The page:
The erstwhile Earl "proceeded no further than the Bridge of Ugie, however — being completely overcome by the sight of his home in ruins." He was, according to Anderson, "moved to tears" by the "sad spectacle" of his deteriorated birthplace.

MacGibbon and Ross, in Castellated and Domestic Architecture of Scotland, Vol. 2, one hundred and twenty years later preserved an image of an Inverugie Castle hearth. Intriguingly, in the foreground of the 1887 woodcut (right), the artist prominently featured a block of stone: it is labeled "Jamb of Fireplace."

The property did not leave the Keith Family in this declined condition, however.

It is time to introduce the Dowager Countess, widow of the 9th Earl Marischal and mother of George Keith the attainted. Mary, Countess Marischal (1675–1729) "was no ordinary woman" according to Robert Anderson in Transactions of the Buchan Field Club, Vol. 10. A staunch Jacobite like her father, fate did not require her to forfeit her properties ... as had been required of her father and sons. "She retained until her death in 1729 the occupancy of lnverugie, then 'a great castle and court.'" [Italics mine; see pg. 34.]

George Keith purchased a dilapidated estate from Trustees of the York Building Company. At auction, which may indicate failed enterprise. William Anderson has the still-popular Keith declaring "There was no bidder against me, and great applause of the spectators." Several archaeologists comment on castular building materials found in nearby fabrications: I suspect the firm was piecing out stonework as if from a quarry.

It is likely that, had Inverugie Castle remained part of an Earl's vast landholdings, it may not have fallen prey to deconstruction.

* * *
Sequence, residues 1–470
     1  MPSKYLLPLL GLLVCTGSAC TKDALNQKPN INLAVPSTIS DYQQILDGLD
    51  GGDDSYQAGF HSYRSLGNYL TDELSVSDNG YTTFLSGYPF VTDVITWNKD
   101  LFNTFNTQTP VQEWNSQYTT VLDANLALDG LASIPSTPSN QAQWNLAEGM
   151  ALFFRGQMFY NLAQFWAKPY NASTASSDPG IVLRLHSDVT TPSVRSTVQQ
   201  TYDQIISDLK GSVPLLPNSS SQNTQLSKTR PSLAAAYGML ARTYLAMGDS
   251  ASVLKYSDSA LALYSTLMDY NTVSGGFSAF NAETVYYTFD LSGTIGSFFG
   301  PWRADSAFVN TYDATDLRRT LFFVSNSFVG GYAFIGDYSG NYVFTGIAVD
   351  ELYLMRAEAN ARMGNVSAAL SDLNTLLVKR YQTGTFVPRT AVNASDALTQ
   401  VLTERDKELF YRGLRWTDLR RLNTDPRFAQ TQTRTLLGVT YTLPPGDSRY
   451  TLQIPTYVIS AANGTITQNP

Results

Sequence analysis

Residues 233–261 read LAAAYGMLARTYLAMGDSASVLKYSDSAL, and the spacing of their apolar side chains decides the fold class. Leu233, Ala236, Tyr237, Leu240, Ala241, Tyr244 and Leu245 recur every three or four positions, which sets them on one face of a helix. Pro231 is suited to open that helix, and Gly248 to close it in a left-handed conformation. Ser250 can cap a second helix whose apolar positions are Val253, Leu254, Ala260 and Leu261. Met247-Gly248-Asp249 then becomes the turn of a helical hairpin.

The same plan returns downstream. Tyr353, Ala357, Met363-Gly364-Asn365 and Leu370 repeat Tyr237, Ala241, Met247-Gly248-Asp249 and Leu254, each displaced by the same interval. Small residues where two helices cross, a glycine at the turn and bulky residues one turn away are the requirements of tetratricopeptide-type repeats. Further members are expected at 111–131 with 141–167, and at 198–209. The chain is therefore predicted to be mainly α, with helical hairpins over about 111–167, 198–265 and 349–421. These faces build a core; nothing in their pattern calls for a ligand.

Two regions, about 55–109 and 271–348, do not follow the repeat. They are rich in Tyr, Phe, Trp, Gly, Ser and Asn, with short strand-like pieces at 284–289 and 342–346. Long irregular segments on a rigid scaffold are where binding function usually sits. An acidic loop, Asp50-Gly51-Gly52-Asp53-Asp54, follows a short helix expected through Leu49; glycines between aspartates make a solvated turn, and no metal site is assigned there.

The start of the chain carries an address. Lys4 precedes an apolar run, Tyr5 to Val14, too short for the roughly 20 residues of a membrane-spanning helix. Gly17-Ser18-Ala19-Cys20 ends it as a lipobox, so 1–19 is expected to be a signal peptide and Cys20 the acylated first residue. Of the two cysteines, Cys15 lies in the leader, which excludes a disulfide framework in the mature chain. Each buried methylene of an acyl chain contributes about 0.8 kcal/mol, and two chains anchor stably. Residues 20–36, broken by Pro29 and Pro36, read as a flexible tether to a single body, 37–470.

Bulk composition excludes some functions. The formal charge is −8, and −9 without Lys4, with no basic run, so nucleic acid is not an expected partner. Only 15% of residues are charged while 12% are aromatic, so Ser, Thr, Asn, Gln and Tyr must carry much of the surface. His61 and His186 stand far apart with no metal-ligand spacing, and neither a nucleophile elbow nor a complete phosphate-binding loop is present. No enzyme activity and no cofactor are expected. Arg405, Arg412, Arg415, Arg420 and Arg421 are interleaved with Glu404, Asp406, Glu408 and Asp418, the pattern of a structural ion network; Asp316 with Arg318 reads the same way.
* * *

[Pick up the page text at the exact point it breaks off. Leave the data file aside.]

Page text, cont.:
Cheyne’s Tower, Inverugie Castle, c1961
Before we pass this scene, I'll observe a final, turbulent period: "The late James Ferguson, Esq. repaired and roofed in the main building of the castle, floored it, and erected an observatory on the top of it at considerable expense," observed the New Statistical Account of Scotland, Vol. 12 in 1845. "But the present proprietor, with a greater regard to taste than utility, has dismantled it of these modernizings, and allowed ruin to reassume her empire." Perhaps as a matter of public safety, the structure was blown up in 1899.

The following portent is to have arrived from Lady Margaret Keith (1565-1598), first wife of Scotland's 5th Earl Marischal:
"In her sleepe she saw a great number of religious men in ther habit com forth of that abbey to the stronge craige of Dunnotture, which is the principall residence of that familie. She saw them also sett themselves round about the rock to gett it down and demolishe it, having no instruments nor toilles wherwith to perform this work, but only penknives, wherwith they follishly (as it seemed to her) begane to pyk at the craige. She smyled to sie them intende so fruitles ane interpryse, and went to call her husband to scuffe and geyre them out of it. When she had fund him and brought him to sie these sillie religious monckes at ther foolish work, behold, the wholl craige, with all his stronge and stately buildinges, was by ther pyn knyves wndermynded and fallen in the sea, so as ther remained nothing but the wrack of ther riche furnitore and stufe flotting on the waves of a rageing and tempestous sea."